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"A Remembrance of the Past; Building for the Future." ~ Eve Eckert Koehler



Remembering Our Danube Swabian Ancestors
     
 

Occupations: the oldest Bricklayers Union is in BOGAROSCH; PERJAMOSCH is the birthplace of most scientists; the best village mill is in ORCYDORF; the best bone doctors are in KLEINJETSCHA; the best exhibition was in LOVRIN; SADERLACH has the most teachers; SACKELHAUSEN has the most parsons; LOVRIN has the most medical doctors and BILLED the most pharmacists. This commentary is found in the 1924 Donauschwäbischer Volkskalender, titled: Our Danube Swabian Banat Villages Have Their Own Character By Prof. Nischbach, subtitle: Various characteristics of the Banat Swabian Villages.
Trades & Occupations

Domestic Artisans, Farmers, Tradesman, Professionals, Clergy, Administrators & Manual Laborers

     A sign of an intellectually worthwhile life of a village are always the social and cultural associations. The oldest association of our community is the Trade Association, frequently also called Zunft (Guild), Innung (Guild), or Meister (Master Craftsman) Association.

     It was a beautiful entertaining life that the association led, at different formal events, but especially at the annually held general assembly where all the fellow shopkeepers were met by the guild master with village music and after the assembly they were accompanied back again by all of the members of the association with music.  It also happened this way when the master craftsman held a ball. 

     The association – called Zunft (Guild) in the beginning issued apprentice and master craftsman letters, but lost its privileges in 1867.  It remained, however, under the name as a social association until 1877, then it operated until 1897 as Association of the Business Enterprises. 

     Then it existed recently under the name Trade and Commerce Association which from 1924 to the end of 1929 was overheard to be the Iron Ring Trade Association until finally on the 15th of January, 1930 it became connected as the local group of the German-Swabian Trade and Commerce Association.  [Source: Mercydorf 1734-1934 by Peter Schiff, Translated by Brad Schwebler]

English/German Translations & Descriptions & References
Compiled by Jody McKim Pharr

English German Description / Reference
Agriculture - Livestock - Farm Animals for home use & export Landwirtschaft - Tierzucht - Tiere auf dem Bauernhof für zu Hause & Export Agriculture in Surtschin by Michael Schmidt, 1980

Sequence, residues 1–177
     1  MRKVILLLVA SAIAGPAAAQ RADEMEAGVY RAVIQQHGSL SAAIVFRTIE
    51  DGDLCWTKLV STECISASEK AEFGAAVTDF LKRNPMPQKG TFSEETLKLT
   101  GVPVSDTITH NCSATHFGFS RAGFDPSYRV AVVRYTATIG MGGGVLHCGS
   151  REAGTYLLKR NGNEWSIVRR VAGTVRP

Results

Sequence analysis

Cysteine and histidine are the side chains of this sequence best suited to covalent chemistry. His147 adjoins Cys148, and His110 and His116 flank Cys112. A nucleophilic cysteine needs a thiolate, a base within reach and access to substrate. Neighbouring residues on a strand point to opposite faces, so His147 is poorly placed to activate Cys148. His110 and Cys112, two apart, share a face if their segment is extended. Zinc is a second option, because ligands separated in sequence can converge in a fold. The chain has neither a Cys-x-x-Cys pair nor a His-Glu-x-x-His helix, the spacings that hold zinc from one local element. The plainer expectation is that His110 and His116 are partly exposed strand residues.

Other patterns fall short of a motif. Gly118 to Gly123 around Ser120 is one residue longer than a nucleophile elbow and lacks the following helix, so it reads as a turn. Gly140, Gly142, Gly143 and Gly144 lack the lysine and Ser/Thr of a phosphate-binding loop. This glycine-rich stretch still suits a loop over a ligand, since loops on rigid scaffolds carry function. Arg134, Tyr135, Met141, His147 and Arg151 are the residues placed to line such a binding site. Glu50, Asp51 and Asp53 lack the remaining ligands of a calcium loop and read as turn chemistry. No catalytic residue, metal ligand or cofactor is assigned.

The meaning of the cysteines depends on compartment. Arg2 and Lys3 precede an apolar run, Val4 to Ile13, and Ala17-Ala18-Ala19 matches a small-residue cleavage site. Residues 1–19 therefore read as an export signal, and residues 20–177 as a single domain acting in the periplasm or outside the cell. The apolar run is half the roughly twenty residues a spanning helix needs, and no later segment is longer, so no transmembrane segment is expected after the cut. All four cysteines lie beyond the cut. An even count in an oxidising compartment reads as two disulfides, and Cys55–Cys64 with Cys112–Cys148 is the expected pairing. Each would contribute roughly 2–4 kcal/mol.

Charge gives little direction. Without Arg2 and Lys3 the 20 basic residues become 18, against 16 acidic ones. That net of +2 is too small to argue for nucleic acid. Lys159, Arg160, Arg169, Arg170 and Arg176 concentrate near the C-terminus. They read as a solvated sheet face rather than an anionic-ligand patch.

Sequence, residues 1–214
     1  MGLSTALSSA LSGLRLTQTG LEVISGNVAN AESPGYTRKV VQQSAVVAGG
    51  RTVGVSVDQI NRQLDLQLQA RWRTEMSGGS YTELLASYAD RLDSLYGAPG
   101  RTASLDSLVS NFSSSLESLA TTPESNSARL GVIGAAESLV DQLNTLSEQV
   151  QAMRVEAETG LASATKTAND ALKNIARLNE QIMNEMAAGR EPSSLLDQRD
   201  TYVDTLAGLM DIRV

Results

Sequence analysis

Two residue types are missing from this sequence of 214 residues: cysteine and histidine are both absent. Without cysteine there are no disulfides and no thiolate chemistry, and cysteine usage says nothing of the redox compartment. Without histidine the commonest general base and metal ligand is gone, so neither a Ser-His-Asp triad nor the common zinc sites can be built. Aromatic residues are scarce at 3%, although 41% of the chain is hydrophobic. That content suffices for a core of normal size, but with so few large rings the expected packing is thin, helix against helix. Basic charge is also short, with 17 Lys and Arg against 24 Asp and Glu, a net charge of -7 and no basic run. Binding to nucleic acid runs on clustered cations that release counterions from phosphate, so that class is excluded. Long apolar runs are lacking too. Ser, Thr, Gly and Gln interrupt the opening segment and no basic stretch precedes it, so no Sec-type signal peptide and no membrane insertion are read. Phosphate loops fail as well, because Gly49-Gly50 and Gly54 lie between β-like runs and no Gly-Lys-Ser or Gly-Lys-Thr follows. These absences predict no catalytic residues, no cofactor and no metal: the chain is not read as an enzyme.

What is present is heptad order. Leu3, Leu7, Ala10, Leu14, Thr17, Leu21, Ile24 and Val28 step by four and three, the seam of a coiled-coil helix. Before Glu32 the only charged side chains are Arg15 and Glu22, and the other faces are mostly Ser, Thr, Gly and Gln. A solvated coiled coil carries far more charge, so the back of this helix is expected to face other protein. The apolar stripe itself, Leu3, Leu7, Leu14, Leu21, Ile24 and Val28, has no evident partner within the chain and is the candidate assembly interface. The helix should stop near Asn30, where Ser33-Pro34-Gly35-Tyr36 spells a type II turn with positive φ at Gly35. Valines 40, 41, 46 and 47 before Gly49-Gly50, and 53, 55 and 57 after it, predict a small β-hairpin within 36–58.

"Wheat, Barley, Oats, Rye, Corn, Feed Crops, Red Clover, Beets, & The Farmer's Work Year"

Livestock & Farm Animals in Banat General Contributions
"Cattle, Sheep, Swine, Horses, Chicken & Geese, Goats, & Storks"

Hemp Industry in Batschsentiwan by Hans Kopp - "After WWI, export firms of Batschsentiwan delivered not only to countries in Europe but also throughout the rest of the world."
 
Artisan, Tradesman or Craftsman Handewerker See: Handicrafts Worker
Artist Kunstler  
Baker Bäcker

Gingerbread Maker (Ger.: "Lebzelter") Here he is decorating a pastry "Lebkuchen" (earlier called "Lebzelte"). Those are the spicy cakes made with honey and nutmeg, and he is in the process of decorating them with liquid sugar (sugar and egg white?).  Photo contributed by Hans Gehl.

Barber & Hairdresser Ballweerer; Friseur-Balvierer

The Ballweerer (Barber)
b
y Heinrich Hoffmann
Translated by Brad Schwebler

   The daily shaving, whether electric or wet, is understandable for men today.

   In Bulkes it was different.  In Bulkes a man “ballweere” himself, that is, shaved.  One did not go to the barber shop like today to have his hair cut or perhaps be shaved.

   The Ballweerer came to his customer in his home. With his own “Ballweermesser” (knife), one “ballweerte” himself only in exceptional cases.  In the summer, when my father, who was a farmer, worked all week on the Sallasch, he “ballweerte” himself there.  Once or twice a week the “Ballweerer” visited his customers.  Weekday and day times were permanently arranged.  Only the doctor, the pastor, and the teacher “ballweern” themselves daily.  For the farmers he already came early around six or first thing later in the evening, when they came home from field work.  Once a month on the “Ballweerer” day he also cuts customers’ hair.

   His work tools were a soap bowl made of porcelain with the lather brush in it, and the different Ballweermesser (knives) for the varying beard strengths of his customers wrapped up in a leather or linen case.

 

Hairdressers from the Banat were 1907 cofounders of the Association of Banat Swabians
(Hans Dama Photo Collection)

Membership Photo: Hairdressers from the Banat were 1907 cofounders of the Association of Banat Swabians. Shown here is a hairdressing competition.

Source: Archiv des Verbandes der Banater Schwaben Österreichs [Archive of the Association of Banat Swabians of Austria]


   In addition he brought the whetstone and leather strap with which he gave the knife the last cut.  He brings all this in a wide leather bag with a brass handle and snap fastener to his customers.  Occasionally he also has an apprentice with him.
     
    Barber shops in those days were almost as popular a meeting place as saloons. Men had their hair cut professionally, women did their hair at home. - John Schlesinger